In previous studies, the ICCs of the carrying angle measurement have ranged from 0.83 to 0.98 (intraobserver reliability) and from 0.66 to 0.97 (interobserver reliability)3,15-17,19. The ICCs for the Baumann angle measurement have ranged from 0.77 to 0.98 (intraobserver reliability) and from 0.37 to 0.96 (interobserver reliability)3,15,18,19. Reliability has varied among studies, with a wide range in the values of ICCs, especially for the interobserver reliability of the Baumann angle. Our data are roughly consistent with those of previous reports. The wide range of ICCs can be explained by the different research settings in each study20. We compared the reliability of measurement of the humerus-elbow-wrist angle, carrying angle, and Baumann angle under the same conditions, which improves the interpretation of the association of these parameters. Furthermore, we believe that other studies performed in settings similar to ours confirm the reliability of the humerus-elbow-wrist angle measurement20.
To our knowledge, no previous studies have evaluated the association between the humerus-elbow-wrist angle and the carrying angle. It is well known that the normal carrying angle ranges from 0° to 25°3,16,17,19. An increasing angle represents valgus alignment, and a decreasing angle represents varus alignment. The present study provides evidence that the humerus-elbow-wrist angle is significantly associated with the carrying angle and is about 3° smaller than the carrying angle. This finding suggests that the humerus-elbow-wrist angle also can be used to evaluate valgus or varus angulation of the elbow.
The present study has some limitations. First, subjects with a supracondylar fracture of the humerus were enrolled retrospectively and radiographs of the uninjured side were used. In the present study, 40 subjects (65%) were between 4 and 8 years of age, which represents the age range in which pediatric elbow fractures most commonly occur1,13,23. Our results may not accurately reflect all skeletally immature children. Furthermore, 73% of the subjects were male and 65% of the evaluations were for the right elbow. Some previous authors have indicated that the values of the carrying angle differ by sex or side28,32. The uneven distribution by sex or laterality in the present study could have affected the normal value and range calculated for each radiographic parameter. An unbiased population-based large cohort study with an enrollment of healthy volunteers is desirable to obtain true normative data on coronal alignment of the upper limb in the growing child. Second, as described above, the original literature and other previous reports regarding the humerus-elbow-wrist angle did not clearly define the level of the proximal and distal transverse lines of the forearm4-14. For accurate measurements, we used our own method for measuring the humerus-elbow-wrist angle. Our measurement method for the carrying angle was selected because it is widely used to determine the axis of the ulnar shaft17,19,22,23, but there are many different definitions of the carrying angle. The utility of our information regarding the humerus-elbow-wrist angle and carrying angle may be necessarily limited. Third, the humerus-elbow-wrist angle and carrying angle cannot be correctly measured in patients with elbow contractures, which represents a disadvantage of this measurement method.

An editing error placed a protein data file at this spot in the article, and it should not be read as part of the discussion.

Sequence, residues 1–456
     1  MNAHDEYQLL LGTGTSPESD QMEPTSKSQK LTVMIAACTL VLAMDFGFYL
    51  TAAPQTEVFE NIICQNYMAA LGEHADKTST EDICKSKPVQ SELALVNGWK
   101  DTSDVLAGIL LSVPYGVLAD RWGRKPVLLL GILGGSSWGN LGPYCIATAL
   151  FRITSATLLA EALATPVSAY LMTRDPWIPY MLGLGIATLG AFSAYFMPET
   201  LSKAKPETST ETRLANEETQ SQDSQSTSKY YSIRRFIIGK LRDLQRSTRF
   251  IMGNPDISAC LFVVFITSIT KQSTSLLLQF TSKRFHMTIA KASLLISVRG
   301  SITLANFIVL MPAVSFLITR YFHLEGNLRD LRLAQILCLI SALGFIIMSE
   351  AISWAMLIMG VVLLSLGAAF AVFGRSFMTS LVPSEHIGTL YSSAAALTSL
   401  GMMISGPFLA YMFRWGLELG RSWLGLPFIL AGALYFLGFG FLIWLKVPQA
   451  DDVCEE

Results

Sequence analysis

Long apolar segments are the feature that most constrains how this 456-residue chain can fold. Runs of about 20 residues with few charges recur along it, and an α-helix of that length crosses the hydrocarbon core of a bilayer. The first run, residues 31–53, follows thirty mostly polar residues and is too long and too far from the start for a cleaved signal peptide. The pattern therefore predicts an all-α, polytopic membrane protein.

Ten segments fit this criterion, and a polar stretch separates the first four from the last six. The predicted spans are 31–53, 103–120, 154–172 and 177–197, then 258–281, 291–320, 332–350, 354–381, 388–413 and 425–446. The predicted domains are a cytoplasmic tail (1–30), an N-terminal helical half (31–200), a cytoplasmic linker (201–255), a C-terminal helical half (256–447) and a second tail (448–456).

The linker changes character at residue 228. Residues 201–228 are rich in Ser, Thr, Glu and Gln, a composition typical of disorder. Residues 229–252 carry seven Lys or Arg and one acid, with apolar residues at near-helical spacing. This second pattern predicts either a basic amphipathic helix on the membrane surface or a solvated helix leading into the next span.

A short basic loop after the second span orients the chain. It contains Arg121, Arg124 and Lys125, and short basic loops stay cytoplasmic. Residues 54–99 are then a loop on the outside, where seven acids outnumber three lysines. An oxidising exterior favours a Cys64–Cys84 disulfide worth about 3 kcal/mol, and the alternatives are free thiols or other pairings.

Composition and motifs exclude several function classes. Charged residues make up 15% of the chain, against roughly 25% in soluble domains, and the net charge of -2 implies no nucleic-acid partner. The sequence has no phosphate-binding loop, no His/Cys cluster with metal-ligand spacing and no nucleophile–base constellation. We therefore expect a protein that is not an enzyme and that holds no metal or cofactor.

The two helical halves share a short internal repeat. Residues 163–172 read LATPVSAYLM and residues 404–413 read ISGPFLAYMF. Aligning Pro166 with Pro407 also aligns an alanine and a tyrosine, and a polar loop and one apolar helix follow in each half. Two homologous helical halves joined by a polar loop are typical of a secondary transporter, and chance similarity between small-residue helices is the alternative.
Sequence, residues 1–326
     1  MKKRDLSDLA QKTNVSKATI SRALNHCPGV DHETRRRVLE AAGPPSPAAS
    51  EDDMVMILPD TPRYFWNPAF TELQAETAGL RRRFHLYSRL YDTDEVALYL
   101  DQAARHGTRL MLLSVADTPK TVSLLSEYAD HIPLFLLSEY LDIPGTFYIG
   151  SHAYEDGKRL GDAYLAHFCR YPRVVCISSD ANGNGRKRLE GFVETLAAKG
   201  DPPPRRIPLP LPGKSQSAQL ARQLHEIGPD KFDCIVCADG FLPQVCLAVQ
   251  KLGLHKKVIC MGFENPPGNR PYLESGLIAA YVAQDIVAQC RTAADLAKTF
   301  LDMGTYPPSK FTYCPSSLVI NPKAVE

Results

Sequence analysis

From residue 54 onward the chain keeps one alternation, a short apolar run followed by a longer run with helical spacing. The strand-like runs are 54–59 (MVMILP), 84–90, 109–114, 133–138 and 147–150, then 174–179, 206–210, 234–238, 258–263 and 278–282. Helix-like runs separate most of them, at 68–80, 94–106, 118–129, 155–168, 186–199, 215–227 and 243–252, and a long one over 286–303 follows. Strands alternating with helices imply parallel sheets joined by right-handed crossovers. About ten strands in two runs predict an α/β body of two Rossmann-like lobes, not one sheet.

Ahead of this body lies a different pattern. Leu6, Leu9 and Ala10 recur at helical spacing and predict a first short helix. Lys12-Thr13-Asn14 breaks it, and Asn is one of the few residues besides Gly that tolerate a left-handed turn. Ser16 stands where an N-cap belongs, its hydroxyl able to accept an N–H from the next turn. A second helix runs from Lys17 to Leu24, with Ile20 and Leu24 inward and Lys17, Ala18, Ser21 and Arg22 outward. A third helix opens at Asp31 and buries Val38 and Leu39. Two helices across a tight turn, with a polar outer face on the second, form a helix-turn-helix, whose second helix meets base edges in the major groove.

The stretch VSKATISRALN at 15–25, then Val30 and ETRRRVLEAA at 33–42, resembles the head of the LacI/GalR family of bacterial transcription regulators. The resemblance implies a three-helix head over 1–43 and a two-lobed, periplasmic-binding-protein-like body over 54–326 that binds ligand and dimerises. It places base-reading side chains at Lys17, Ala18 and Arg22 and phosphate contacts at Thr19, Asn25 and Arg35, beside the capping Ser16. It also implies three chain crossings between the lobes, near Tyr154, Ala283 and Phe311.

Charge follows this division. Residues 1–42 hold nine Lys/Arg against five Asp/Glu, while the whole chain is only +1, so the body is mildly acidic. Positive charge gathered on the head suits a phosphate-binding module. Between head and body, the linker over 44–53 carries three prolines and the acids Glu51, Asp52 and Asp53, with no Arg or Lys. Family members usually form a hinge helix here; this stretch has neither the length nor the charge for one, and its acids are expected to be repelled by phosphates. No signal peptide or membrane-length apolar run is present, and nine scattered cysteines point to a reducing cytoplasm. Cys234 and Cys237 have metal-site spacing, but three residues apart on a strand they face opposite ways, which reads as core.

Despite such limitations, we found that the measurement of the humerus-elbow-wrist angle was associated with good reliability and validity. We conclude that the humerus-elbow-wrist angle is a reliable radiographic measure of coronal alignment of the humerus and forearm.
NOTE: The authors thank to Prof. K. Otsuka, Dr. K. Hayakawa, and other members of the Department of Orthopaedic Surgery, Fujita Health University. We are also grateful to Prof. M. Matsumoto, Prof. M. Nakamura, Dr. K. Sato, Dr. T. Iwamoto, and other members of the Hand Surgery group of Keio University School of Medicine for their support.
Investigation performed at the Department of Orthopaedic Surgery, Fujita Health University, Aichi, Japan
Disclosure: No external funding was received for this study. The Disclosure of Potential Conflicts of Interest forms are provided with the online version of the article (http://links.lww.com/JBJSOA/A3).